CCHR Florida presents the Baker Act Defense Attorney Symposium & Summit
Attorney Justin Drach stated that he feels like the group is moving in the right direction and that events such as this one will help bring about much needed change to the mental health law.
Recent changes to the Florida laws governing involuntary psychiatric examination and parental rights were featured topics at this virtual event.
— Justin Drach, attorney
CLEARWATER, FLORIDA, UNITED STATES, July 27, 2021 /EINPresswire.com/ — The Florida chapter of the Citizens Commission on Human Rights (CCHR) hosted a virtual continuing legal education course for private practice attorneys on July 23rd for the purpose of covering changes made in 2021 that affect the involuntary psychiatric examination of children, called a Baker Act, as well as parental rights.The course was the seventh such event hosted by CCHR, a non-profit watchdog organization dedicated to restoring dignity and human rights to the field of mental health. As the authority on mental health human rights, CCHR began hosting these events as part of a campaign to protect individuals from human rights violations committed through the abusive use of the Florida mental health law, commonly called the Baker Act.
Key topics at the conference included strategies to effectively serve families and to eradicate violations of the law, changes to the law, successful actions for defending the rights of citizens being held under a Baker Act as well as key points of the recently passed Florida Parents’ Bill of Rights.
The event was led by attorney Justin Drach of Theole Drach Law. A successful attorney practicing in Jacksonville, Mr. Drach was the 2017 recipient of the Citizens Commission on Human Rights Humanitarian Award for his tireless fight to end mental health abuse in Florida. Also speaking will be attorney Kendra Parris from Orlando and the president for the Florida chapter of CCHR, Diane Stein.
While the original stated intention of the Baker Act was to protect the rights of citizens sent for involuntary psychiatric examination, it has become a source of abuse, prompting CCHR Florida to not only host this event but to launch a public information campaign to educate Floridians on their rights under this law. As part of this campaign, CCHR hosts a seminar regularly delivered online for the general public by attorney Carmen Miller who, as a former Assistant Public Defender in the Thirteenth Circuit in Tampa, has a great deal of experience on the mental health law. Now in the private sector, Ms. Miller specializes in cases of those who have been Baker Acted.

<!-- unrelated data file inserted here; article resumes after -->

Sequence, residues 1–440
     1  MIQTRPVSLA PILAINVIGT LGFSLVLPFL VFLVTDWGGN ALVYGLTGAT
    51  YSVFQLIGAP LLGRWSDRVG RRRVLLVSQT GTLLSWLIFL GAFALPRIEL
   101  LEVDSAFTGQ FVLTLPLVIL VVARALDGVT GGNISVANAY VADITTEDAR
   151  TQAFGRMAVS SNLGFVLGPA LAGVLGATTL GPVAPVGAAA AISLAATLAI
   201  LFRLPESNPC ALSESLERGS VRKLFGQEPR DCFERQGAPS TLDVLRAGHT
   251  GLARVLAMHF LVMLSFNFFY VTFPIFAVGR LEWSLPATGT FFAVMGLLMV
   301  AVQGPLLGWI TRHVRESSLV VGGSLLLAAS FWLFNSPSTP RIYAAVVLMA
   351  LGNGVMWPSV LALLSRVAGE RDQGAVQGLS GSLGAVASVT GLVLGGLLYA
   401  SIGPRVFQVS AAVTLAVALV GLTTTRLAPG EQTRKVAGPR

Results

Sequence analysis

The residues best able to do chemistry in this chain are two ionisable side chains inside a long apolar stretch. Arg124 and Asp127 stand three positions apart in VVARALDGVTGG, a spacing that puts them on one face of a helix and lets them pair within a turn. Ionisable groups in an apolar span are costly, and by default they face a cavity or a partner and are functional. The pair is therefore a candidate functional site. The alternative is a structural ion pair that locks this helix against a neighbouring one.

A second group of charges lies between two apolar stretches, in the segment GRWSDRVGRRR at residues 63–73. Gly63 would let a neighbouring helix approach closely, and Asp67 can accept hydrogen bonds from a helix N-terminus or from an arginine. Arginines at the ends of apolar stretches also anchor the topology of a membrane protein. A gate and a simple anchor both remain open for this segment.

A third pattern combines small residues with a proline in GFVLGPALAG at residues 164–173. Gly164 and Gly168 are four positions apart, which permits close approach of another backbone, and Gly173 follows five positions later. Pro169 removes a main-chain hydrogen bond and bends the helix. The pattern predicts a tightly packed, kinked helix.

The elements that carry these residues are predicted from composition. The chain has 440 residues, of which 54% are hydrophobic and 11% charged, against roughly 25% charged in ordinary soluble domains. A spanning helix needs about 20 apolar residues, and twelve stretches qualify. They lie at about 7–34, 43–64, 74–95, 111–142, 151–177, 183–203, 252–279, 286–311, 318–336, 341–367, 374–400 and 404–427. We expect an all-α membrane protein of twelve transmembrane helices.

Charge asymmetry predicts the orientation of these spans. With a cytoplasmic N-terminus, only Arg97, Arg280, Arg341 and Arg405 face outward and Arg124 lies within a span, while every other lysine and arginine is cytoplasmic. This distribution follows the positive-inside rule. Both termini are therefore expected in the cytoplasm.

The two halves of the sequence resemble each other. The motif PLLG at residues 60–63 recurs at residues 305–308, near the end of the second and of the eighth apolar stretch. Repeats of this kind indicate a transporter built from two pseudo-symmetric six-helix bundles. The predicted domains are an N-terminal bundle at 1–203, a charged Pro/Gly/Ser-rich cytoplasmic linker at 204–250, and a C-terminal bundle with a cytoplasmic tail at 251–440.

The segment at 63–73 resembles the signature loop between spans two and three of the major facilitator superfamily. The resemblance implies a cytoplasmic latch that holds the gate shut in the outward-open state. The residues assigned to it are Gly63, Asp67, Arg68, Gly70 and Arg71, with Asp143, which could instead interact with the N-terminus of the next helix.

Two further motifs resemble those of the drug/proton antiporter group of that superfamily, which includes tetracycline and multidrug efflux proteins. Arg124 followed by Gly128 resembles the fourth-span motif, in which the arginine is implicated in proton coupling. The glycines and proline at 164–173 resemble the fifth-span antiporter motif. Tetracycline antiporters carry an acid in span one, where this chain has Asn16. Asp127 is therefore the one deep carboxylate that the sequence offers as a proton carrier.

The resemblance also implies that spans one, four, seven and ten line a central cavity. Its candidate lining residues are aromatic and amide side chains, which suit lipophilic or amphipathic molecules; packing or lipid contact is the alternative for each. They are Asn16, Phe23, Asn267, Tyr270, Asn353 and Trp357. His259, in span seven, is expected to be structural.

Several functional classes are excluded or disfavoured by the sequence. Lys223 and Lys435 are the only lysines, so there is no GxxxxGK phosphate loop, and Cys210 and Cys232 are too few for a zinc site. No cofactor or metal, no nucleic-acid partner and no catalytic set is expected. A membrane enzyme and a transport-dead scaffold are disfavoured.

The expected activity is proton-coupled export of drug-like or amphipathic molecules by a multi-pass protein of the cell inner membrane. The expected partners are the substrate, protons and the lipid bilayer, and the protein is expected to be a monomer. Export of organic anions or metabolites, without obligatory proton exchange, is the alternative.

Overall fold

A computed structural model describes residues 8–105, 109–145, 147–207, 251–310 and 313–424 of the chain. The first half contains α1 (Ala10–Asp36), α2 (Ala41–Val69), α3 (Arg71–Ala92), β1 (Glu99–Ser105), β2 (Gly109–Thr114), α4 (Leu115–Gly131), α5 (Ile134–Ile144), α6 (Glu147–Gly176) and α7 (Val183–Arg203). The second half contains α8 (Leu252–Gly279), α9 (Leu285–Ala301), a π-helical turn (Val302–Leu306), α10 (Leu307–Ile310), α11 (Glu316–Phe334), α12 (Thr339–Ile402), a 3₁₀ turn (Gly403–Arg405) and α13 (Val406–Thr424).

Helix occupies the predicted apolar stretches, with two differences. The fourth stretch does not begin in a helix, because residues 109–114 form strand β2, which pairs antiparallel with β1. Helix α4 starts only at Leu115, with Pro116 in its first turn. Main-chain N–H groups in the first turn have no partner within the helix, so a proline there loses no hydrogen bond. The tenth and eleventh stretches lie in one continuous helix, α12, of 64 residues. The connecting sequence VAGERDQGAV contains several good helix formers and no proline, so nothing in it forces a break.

To learn more about the Baker Act or to reserve a spot at the next complimentary virtual seminar please email firstname.lastname@example.org.
About CCHR: Initially established by the Church of Scientology and renowned psychiatrist Dr. Thomas Szasz in 1969, CCHR’s mission is to eradicate abuses committed under the guise of mental health and enact patient and consumer protections. L. Ron Hubbard, founder of Scientology, first brought psychiatric imprisonment to wide public notice: “Thousands and thousands are seized without process of law, every week, over the ‘free world’ tortured, castrated, killed. All in the name of ‘mental health,’” he wrote in March 1969. For more information, please visit www.cchrflorida.org.
CCHR FL – The Right to Help in Times of Crisis